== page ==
Maryna holds the BA, LLB, LLM degrees and is a Director at the Cape Town branch of STBB. She is an admitted Attorney, Notary Public, Conveyancer and Insolvency Practitioner with many years of experience in the fields of property law, conveyancing and the laws relating to corporate compliance (especially in respect of the FICA and POPIA laws). Up until 2018 she was also head of the firm’s national marketing portfolio. She is a seasoned public speaker and presenter, both in person and online. She prepares text for the majority of STBB’s internal and external publications and is editor and co-writer for two pivotal publications in the South African real estate industry – the ABC of Conveyancing (JUTA) and Delport’s South African Property Law and Practice (JUTA).


Yesterday, 8 February 2021, Labour Minister, Thulas Nxesi, gazetted the new minimum wage for South African workers. With effect from 1 March 2021, the national minimum wage will be R21.69 for each ordinary hour.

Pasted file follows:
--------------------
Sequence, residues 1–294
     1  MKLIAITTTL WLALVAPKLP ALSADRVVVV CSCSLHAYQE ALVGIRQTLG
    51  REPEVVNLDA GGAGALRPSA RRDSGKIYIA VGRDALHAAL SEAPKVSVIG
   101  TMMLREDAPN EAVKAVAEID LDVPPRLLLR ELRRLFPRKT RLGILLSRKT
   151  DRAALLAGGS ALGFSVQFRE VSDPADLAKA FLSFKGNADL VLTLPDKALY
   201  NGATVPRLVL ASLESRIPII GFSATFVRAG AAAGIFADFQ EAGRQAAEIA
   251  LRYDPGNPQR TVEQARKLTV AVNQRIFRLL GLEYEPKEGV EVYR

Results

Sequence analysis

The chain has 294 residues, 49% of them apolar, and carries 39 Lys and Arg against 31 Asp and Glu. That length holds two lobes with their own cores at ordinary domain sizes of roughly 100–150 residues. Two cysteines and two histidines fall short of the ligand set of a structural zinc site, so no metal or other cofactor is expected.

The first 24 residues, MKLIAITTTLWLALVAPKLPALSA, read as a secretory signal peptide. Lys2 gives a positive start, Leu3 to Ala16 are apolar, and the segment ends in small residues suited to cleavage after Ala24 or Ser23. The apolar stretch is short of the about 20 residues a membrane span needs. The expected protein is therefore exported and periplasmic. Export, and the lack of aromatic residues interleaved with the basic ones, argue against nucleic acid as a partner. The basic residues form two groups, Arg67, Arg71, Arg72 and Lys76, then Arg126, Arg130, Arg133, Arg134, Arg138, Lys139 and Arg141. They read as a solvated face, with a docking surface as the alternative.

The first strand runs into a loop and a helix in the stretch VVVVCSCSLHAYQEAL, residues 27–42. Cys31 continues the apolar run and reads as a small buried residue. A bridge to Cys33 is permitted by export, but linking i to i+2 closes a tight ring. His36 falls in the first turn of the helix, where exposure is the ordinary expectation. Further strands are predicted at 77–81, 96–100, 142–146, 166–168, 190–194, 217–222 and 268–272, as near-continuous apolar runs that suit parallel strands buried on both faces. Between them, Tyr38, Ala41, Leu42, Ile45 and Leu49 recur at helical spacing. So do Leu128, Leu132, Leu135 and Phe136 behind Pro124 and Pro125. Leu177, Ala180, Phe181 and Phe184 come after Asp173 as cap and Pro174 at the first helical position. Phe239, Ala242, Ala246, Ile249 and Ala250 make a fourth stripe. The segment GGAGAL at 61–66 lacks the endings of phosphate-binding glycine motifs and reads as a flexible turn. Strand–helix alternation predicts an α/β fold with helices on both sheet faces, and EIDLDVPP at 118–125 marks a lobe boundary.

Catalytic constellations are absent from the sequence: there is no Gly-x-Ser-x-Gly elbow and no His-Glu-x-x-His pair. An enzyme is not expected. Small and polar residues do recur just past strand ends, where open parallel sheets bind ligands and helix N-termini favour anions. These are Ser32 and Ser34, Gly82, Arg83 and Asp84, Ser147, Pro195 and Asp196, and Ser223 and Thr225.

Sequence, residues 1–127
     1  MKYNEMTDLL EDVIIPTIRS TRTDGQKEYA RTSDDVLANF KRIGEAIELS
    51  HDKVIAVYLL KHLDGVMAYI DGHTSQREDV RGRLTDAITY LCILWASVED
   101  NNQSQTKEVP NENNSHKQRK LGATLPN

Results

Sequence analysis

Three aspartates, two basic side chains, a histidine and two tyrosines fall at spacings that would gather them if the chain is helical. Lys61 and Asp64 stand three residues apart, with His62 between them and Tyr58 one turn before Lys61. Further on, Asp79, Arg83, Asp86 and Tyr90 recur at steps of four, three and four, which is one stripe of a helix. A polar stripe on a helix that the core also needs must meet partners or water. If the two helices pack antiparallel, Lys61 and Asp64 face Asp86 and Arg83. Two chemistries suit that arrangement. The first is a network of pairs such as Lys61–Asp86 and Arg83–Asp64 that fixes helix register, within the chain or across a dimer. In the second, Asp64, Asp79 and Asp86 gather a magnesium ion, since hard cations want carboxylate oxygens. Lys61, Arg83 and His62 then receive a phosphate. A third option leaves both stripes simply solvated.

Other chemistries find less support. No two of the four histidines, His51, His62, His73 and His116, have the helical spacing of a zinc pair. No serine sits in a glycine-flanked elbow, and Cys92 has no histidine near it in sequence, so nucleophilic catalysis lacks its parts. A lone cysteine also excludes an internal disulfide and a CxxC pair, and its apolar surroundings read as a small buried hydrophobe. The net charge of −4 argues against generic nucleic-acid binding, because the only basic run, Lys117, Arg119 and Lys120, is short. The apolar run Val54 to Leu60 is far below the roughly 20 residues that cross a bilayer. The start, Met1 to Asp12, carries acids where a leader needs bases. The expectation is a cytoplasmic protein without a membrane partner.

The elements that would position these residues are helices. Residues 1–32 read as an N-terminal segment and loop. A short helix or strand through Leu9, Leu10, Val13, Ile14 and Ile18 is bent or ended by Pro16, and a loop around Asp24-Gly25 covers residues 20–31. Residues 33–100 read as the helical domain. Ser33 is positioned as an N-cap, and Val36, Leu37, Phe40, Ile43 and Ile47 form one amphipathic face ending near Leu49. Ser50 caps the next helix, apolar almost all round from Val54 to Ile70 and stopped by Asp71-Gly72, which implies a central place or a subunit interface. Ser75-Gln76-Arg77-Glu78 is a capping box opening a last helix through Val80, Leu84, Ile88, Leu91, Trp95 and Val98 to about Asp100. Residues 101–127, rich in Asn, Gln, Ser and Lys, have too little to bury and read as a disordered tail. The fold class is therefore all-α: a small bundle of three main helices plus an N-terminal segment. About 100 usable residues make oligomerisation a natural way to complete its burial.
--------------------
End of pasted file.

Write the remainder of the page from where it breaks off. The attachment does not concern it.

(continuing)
The national minimum wage, set by the National Minimum Wage Act, is the amount payable for the ordinary hours of work and does not include payment of allowances (such as transport, tools, food or accommodation), payments in kind (board or lodging), tips, bonuses and gifts. The national minimum wage was for the first time implemented on 1 January 2019.

The gazette also provides exceptions for a number of worker groups, including domestic workers who are generally entitled to a minimum wage of R19.09 per ordinary hour.

Although the national minimum wage commission ideally sought to make this determination applicable to all employees across the country and irrespective of sector, lower minimums for certain sectors, such as domestic workers, have been tabled, to avoid excessive disruption. The commission aims to gradually achieve a single minimum wage rate across all sectors.

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